Based on “Talking To Ourselves” by Phillip Schultz
I acted as if I was talking to myself, but I knew he could hear me.
Passive-aggressively conversing with him, while not actually talking to him.
I spoke loud enough under my breath that he might not even catch every word.
But the tone and the fact that it came on the heels of being snapped at ensured he got the message.
Even though I had stormed off and left the room, he could hear the ranting. I was sure of it.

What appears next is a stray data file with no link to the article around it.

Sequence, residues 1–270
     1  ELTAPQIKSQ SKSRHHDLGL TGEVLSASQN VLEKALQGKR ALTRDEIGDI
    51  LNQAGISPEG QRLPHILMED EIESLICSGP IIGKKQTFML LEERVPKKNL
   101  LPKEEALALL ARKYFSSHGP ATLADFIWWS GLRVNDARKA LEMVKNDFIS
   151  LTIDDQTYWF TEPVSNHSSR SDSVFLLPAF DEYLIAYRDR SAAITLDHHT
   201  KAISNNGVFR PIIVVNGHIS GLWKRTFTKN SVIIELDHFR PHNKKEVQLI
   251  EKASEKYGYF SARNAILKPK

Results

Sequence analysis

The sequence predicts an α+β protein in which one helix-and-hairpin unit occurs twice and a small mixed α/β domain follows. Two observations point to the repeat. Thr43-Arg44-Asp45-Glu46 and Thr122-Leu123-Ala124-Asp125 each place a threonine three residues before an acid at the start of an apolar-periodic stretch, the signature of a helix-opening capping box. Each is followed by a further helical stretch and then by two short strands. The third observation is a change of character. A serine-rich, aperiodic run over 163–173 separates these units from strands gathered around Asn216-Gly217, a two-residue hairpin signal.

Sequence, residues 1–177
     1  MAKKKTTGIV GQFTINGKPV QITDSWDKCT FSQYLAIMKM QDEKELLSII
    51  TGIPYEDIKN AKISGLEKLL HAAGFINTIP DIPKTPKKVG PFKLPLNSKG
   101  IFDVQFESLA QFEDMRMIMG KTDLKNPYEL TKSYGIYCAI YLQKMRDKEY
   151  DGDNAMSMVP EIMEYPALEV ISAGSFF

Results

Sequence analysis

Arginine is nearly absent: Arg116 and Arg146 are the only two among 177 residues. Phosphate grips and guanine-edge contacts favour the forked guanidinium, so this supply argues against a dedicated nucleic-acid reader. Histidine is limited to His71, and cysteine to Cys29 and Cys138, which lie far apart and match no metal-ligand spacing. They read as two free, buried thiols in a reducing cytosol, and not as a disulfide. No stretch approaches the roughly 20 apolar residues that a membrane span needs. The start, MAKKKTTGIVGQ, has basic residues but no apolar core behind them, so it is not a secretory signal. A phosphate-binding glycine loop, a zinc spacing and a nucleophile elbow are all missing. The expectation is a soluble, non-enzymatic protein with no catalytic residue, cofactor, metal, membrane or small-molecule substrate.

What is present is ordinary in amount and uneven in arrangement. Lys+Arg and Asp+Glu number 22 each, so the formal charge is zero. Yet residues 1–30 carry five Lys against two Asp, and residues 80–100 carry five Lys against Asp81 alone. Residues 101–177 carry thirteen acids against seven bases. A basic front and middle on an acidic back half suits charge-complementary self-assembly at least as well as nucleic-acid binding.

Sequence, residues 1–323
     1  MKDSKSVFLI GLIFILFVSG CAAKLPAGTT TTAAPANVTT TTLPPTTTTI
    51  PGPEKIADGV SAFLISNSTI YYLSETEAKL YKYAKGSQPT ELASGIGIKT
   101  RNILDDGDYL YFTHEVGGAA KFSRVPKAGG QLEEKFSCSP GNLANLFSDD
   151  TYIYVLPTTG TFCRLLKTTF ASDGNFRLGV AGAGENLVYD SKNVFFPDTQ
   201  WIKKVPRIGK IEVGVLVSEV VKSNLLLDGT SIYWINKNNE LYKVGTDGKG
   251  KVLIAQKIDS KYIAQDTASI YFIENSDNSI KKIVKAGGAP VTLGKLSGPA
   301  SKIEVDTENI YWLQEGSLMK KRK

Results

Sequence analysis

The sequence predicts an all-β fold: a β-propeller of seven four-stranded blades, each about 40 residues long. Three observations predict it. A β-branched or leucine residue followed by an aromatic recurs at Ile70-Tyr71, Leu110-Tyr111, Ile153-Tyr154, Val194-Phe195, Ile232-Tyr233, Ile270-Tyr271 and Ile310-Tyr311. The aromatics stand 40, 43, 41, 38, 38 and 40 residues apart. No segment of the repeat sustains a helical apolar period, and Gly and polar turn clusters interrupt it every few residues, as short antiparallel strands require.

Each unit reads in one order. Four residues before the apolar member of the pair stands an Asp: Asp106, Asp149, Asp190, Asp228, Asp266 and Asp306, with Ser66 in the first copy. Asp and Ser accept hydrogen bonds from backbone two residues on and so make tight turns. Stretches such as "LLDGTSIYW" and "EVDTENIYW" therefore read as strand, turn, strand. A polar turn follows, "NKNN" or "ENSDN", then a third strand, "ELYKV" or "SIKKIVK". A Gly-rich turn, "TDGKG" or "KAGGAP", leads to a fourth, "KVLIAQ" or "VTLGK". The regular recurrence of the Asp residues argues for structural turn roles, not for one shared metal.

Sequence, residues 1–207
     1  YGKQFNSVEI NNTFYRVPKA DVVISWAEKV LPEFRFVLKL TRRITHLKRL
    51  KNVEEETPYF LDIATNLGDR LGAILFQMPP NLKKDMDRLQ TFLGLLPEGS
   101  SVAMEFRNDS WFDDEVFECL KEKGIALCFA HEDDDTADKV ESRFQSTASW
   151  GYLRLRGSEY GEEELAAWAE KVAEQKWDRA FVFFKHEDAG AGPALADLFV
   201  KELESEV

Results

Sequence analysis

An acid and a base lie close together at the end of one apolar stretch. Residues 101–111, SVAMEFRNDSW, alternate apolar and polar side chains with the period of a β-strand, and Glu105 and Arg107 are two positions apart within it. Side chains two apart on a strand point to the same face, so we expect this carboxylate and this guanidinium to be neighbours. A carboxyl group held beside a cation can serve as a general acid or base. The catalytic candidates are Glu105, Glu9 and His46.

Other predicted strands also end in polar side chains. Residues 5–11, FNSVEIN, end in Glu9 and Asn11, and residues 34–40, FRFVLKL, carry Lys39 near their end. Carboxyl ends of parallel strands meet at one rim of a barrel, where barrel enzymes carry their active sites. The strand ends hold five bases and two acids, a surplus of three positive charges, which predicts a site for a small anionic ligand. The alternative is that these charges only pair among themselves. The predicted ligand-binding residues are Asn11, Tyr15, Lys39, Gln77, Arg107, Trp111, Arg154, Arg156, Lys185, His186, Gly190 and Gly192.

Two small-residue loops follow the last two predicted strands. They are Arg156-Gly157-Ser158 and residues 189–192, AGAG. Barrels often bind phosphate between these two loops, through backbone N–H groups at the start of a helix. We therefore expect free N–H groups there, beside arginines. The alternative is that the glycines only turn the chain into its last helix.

He tracked me down after that, my trail of pissed-off was not hard to follow.
He surely left his own pissed off trail on the way.
Like Hansel and Gretel, we were heading to a hot oven, the breadcrumbs not serving us as we lost ourselves in the argument.
The apology, followed by “but you …” turned up the heat.
The flames were crackling as we pushed and pulled each other closer to the oven door.
Days later, the temperature cooled down.
We spoke to each other – not to ourselves.
We followed a trail we’d traveled before – not to the hot oven in the woods, but toward understanding and toward each other.